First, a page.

6 Toys that Help Speech Development

Child Playing with Farm Toys
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Toy Cars/Trucks/Trains:

Toddlers and young children love things that zoom! Luckily for guardians, vehicles provide great opportunities to help your child develop language skills. Here’s how you can make the most of you’re kids favorite hot wheels.

  • Use vehicles that don’t make noise.
  • Get down to your child’s level and make noises (e.g., choo choo, beep beep, vroom, uh oh, boom crash) and see if your child will imitate you.
  • Drive the car “up up up” and then count “1, 2, 3” and pause to see if your child will say “go”! If they do not, wait expectantly for 5-10 seconds and then model the word “go” before letting the vehicle go.
  • Give your child choices using simple language. “Do you want the blue car or red car?” Wait for their response (either verbally or nonverbally). For example, if they point to the car they want, label it for them. If they say “blue”, add on “blue car”.
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Baby dolls:

Baby dolls are great for pretend play skills and learning social language! You can discuss with your child how the baby is feeling using a variety of emotion words and then work with them on coming up with a solution if the baby is “sad” or “mad”. You can also role play a variety of situations and model related vocabulary (e.g., “Pee-yoo! That baby is stinky! Let’s change his diaper”).

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Animal Farm Set:

Teach your children animal noises using a fun playset! Animal sounds are some of the earliest sounds to develop, as they are simple to produce. The key to teaching animal sounds is repeat, repeat, repeat!

You could also work with your child on following directions and understanding spatial concepts, by having them place the animals in various locations. Try to provide as little assistance as possible.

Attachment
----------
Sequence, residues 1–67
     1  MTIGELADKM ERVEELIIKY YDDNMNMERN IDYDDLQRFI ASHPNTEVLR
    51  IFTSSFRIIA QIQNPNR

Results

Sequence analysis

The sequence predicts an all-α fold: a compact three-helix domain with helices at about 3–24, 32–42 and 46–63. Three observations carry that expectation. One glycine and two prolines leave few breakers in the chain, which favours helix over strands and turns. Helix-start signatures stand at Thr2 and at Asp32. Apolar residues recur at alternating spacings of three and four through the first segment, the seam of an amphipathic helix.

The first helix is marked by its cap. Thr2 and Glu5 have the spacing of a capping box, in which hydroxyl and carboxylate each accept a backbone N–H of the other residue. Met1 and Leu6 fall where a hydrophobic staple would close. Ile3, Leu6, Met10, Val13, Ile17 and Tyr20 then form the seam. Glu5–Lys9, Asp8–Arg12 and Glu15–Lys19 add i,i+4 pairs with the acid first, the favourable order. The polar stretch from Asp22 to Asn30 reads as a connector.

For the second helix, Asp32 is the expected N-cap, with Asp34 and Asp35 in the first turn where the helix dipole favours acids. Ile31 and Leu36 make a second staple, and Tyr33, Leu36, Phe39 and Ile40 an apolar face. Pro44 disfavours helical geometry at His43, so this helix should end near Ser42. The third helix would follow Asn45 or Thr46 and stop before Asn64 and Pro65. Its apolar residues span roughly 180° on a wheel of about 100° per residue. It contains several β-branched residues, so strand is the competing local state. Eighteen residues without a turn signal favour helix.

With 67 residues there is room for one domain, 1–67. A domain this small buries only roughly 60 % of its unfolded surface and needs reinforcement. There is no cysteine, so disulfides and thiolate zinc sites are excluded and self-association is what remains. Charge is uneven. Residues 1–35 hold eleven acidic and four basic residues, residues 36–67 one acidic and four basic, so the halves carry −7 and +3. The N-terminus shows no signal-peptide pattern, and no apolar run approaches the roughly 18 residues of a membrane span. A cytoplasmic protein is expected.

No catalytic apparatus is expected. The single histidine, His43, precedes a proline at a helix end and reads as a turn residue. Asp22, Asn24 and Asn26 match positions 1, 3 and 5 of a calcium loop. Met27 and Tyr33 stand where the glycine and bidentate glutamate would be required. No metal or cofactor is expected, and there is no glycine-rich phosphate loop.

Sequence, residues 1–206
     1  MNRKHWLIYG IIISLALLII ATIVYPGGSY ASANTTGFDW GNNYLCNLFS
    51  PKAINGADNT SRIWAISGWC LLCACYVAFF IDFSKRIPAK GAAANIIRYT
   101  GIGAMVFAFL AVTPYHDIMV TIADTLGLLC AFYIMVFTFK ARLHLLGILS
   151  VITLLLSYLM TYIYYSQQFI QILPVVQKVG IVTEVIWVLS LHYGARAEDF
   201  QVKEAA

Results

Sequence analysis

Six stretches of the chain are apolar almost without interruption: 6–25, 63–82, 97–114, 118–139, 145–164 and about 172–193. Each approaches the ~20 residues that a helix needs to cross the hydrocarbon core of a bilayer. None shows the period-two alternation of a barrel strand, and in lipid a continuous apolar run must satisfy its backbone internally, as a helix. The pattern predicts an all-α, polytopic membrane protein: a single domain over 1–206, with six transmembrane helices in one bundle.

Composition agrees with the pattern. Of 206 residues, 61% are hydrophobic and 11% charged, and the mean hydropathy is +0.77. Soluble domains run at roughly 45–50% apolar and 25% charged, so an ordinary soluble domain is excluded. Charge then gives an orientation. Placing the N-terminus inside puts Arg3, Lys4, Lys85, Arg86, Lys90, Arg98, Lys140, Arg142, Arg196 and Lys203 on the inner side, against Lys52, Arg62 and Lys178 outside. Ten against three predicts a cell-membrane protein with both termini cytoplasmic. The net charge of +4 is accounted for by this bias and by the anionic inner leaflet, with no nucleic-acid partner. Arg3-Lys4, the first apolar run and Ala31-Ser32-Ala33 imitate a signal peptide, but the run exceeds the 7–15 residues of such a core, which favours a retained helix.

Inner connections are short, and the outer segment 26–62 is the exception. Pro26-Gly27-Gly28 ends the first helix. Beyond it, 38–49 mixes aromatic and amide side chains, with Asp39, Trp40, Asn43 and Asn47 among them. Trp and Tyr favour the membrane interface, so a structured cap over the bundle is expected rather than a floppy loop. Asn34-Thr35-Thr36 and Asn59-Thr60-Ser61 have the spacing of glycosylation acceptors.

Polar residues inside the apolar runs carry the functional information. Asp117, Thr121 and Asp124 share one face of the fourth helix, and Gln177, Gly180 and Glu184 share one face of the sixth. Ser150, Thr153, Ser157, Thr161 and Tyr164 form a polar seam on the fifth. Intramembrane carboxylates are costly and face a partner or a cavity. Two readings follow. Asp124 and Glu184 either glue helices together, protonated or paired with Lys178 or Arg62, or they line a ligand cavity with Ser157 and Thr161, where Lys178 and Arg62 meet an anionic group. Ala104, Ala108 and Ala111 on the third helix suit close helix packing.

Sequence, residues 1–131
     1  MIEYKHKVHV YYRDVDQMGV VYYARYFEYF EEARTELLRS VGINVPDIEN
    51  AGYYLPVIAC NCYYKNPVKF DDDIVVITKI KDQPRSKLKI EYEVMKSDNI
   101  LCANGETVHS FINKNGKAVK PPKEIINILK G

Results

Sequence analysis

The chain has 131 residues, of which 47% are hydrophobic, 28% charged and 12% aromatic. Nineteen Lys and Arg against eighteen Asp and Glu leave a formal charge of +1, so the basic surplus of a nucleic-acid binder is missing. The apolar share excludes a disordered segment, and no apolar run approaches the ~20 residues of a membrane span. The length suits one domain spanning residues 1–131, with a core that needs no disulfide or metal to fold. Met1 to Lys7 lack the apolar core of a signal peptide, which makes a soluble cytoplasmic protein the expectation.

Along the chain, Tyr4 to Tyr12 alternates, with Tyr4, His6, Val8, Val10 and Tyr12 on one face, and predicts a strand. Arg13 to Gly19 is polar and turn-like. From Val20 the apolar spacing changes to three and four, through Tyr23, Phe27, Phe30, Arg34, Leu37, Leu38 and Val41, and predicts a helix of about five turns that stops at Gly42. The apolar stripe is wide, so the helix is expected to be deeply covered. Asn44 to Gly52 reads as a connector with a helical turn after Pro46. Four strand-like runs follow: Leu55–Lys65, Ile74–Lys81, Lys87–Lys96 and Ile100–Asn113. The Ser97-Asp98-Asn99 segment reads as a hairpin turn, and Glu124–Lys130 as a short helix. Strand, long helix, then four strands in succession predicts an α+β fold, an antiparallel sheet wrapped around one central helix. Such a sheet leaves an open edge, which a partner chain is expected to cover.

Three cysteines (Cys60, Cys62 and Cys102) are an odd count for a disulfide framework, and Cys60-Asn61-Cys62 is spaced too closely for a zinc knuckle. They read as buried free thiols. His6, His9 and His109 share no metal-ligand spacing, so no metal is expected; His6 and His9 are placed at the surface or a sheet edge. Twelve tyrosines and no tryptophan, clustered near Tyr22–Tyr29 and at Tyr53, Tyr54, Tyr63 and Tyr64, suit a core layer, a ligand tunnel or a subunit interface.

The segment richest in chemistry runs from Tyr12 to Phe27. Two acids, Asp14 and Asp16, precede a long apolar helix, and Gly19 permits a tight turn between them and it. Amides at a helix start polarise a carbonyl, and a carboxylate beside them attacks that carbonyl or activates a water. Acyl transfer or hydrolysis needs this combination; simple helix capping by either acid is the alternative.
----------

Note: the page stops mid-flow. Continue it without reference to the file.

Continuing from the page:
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Kitchen Set:

Playing with a kitchen set is a great way to practice speech and language skills. Allow the child to role-play being an adult. Practice following directions and introduce new vocabulary words such as “mix”, “cook”, “bake” and “cut”. If they don’t understand a word, make sure to “show” them by helping them mimic the action.

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Interactive Books:

For book worms and picky readers alike, try to choose books with some sort of interactive element. These can be books with flaps, “Poke a Dot” books or books with Velcro or magnetic pieces. You can even create your own interactive book by snapping pictures of objects in the book, printing them out and then placing Velcro onto the picture in the book and the printed picture.

Challenge your child to match the pictures. Feel free to simplify the language in the book by describing what you see on each page rather than focusing on the text. Encourage your child point to pictures as you label them.

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Get your child up and moving! Balls can be a great way to work on back-and-forth play, as your child learns to catch the ball and return it to you. Balls provide an opportunity to model various concepts including: up/down, throw/catch, roll, bounce. They also provide an opportunity for modeling verbal routines: “ready, set, go”, “1, 2, 3, roll”, “up, up, up, down”.

There are tons of ways to use this versatile toy! You can:

  • Build a tower with blocks and knock it down while saying “boom”
  • Play basketball by throwing the balls into a basket and modeling “go” or “in”
  • Have a contest to see who can bounce the ball the highest while modeling “up up up”

The possibilities are endless!


The goal of these toys is to get your child to interact with you, make noises, learn new sounds and increase social interaction. The key to helping your child improve his language skills is to play with him! Remember, you are the facilitator and the toy is there to assist you. And as always, make sure to have fun!

Written by Sara Shapiro, M.A., CCC-SLP

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